SAN FRANCISCO - Communication among health care providers regarding informed consent of immunization is minimal, and parents want to have more information on the risks and benefits of immunization, according to focus group discussions held in four regions of the United States.
---Residents in a focus group
The discussion revealed that little communication exists among health care providers. Physicians apparently believe the nurses were discussing all the risks and benefits, while parents said they received little education from either nurses or physicians. Residents, however, said they were unskilled to communicate the risks and benefits and had not received formal education in this area.
"Our study was done to determine how the risks and benefits of immunization are currently being discussed and understood in the United States. The National Childhood Vaccine Injury Act mandates that informed consent be done. It requires the parents and children who are being immunized be given information concerning the risks and benefits of each of the vaccines included in the Act. Physicians are in a pivotal role to communicate the vaccine risks to parents," said Jacob T. Cross Jr., MD, at the recent meeting of the Pediatric Academic Societies held here.
Cross works in the section on infectious diseases and section on MED/PEDS at the Louisiana State University Medical Center in Shreveport, La.
Focus groups were held in Rochester, N.Y.; Wichita, Kan.; Shreveport, La.; and Albuquerque, N.M. The focus groups included physicians in pediatrics and family practice, residents in training, nurses and parents of children who received immunizations. These parents were using private practices, health departments, free clinics, shots for tots and university-affiliated programs for their children's immunizations.
Focus groups generally consisted of two to 15 participants and were not stratified by race, age or gender. Instead, groups were separated by classification. For the parent focus groups, mothers and grandmothers ranging in age from adolescence to the mid-50s were interviewed. From the parents' perspective, when their children are immunized, they receive the vaccine information statements from the clerk. The nurse then sees them initially, and then the physician comes into the room.
"In many private practice clinics, the physicians often left and sent a nurse in when it was time for the babies' shots. This is the extent of the communication they received about vaccines from these private physicians' offices. At the health unit, a nurse was the only provider," Cross explained.
Parents said that physicians rarely initiate patient education or informed consent discussions; however, they did perceive physicians as helpful and informative when the parents initiated the discussion and asked specific questions. Parents said that most of the information they received came from the vaccine information statements.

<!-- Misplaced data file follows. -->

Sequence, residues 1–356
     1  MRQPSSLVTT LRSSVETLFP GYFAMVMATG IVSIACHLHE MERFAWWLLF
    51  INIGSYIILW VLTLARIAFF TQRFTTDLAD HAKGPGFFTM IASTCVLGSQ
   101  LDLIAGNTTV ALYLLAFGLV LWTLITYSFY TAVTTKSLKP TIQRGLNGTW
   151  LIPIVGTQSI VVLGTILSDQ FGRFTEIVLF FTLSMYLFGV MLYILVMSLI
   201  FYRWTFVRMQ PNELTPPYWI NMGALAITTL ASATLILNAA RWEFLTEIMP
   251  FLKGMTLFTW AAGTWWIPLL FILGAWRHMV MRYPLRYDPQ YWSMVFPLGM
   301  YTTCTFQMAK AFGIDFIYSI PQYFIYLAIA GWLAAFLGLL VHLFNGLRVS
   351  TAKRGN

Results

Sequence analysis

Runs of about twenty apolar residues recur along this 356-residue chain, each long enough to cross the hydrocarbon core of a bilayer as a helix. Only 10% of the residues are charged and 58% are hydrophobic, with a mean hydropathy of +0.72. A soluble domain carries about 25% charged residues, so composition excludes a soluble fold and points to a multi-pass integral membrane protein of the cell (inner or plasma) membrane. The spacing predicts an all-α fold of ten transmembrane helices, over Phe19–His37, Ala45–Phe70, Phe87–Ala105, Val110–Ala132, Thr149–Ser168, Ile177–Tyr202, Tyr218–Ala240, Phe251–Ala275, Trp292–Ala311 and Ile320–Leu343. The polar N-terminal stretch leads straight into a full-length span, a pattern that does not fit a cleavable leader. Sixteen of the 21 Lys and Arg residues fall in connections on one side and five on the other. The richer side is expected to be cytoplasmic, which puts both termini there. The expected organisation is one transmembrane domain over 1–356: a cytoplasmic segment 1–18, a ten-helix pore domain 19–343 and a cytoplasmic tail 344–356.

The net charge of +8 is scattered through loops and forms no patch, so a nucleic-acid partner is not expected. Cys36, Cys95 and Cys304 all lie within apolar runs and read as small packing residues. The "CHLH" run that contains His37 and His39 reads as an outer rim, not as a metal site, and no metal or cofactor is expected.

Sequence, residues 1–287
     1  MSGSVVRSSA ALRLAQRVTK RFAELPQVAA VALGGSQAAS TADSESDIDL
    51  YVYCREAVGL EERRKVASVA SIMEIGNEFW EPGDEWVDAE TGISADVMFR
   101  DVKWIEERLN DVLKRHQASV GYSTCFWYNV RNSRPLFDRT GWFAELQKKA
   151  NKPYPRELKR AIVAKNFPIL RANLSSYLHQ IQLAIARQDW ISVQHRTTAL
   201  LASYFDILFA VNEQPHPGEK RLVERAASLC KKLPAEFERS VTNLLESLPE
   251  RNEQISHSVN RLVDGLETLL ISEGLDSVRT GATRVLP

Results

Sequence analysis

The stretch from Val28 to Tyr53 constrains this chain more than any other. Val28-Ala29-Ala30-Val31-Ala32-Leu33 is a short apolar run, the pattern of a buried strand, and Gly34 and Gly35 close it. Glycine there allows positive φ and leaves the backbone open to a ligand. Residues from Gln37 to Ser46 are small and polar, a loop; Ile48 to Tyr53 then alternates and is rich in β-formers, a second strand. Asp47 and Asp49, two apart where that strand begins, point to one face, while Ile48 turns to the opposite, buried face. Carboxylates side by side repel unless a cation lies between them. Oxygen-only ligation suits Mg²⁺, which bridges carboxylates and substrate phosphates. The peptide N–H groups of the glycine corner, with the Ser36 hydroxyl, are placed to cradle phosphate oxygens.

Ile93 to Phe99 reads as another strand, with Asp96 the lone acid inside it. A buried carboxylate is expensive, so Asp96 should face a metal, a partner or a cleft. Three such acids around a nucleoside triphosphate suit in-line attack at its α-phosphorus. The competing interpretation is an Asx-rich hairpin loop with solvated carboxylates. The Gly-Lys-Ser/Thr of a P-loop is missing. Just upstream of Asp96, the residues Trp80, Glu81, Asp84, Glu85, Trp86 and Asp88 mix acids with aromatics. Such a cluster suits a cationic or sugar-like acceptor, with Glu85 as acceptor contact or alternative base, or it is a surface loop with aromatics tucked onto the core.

"Most parents said they could not take the time at the visit to read them, but would take them home and read them there. Some admitted that they threw them away without even looking at them," he added.
Parents said they wanted both written and verbal communication. They wanted to know common-sense things, such as what the vaccine prevents and the common and severe side effects; however, they did not want detailed, in-depth information about each risk.
"Parents wanted this information given to them as a matter of respect, and they wanted the information to come from the person in the clinic with the highest degree. They also said that they would like to receive the information, if possible, before the visit, either as a mailing or as a packet given to them at the initial visit or at a prenatal visit," he said.
Residents reported that the parents never asked about severe risks and that residents were more concerned about treating diseases than giving immunizations. They said they did not know how to talk to parents about risks and benefits. Most residents did not feel that immunizations were central to their mission. They said that parents wanted to know what to expect from the immunization and how to treat the common side effects.
"They said that parents were not interested in severe side effects, and they believed that communication about vaccine risks would scare parents and patients away. Residents felt that initiating discussion about risks might influence parents to change their minds about receiving the vaccination. Residents thought parents had the ethical right to know the risks and benefits of these vaccines, but they were not sure that they were the ones to provide patient education and informed consent," he explained.
According to the nurses, they are told to give the vaccines. The nurse administers the vaccine and, in most practices, provides the patient education. Nurses perceived that parents had the ethical right to know the risks and benefits of immunization, but that the physician was the one to discuss the severe risks.
From the practicing physicians' perspective, risk communication was not a high priority. Teaching institutions focused on moving the residents through a high-volume clinic, and time was the biggest barrier.
"We concluded that little communication exists between health care providers. The physicians felt like the nurses were discussing all the risks and benefits. However, parents said they received little education from either nurses or physicians, and residents felt that they were unskilled to communicate the risks and benefits and had not received formal education in this area," he added.
For more information:
- Cross JT, Davis TC, Arnold C, et al. Physicians are from Pluto, nurses are from Jupiter and parents are from Mercury: Focus group interviews on immunization practices. Abstract 427. Presented at the Pediatric Academic Societies Meeting. May 1-4. San Francisco.
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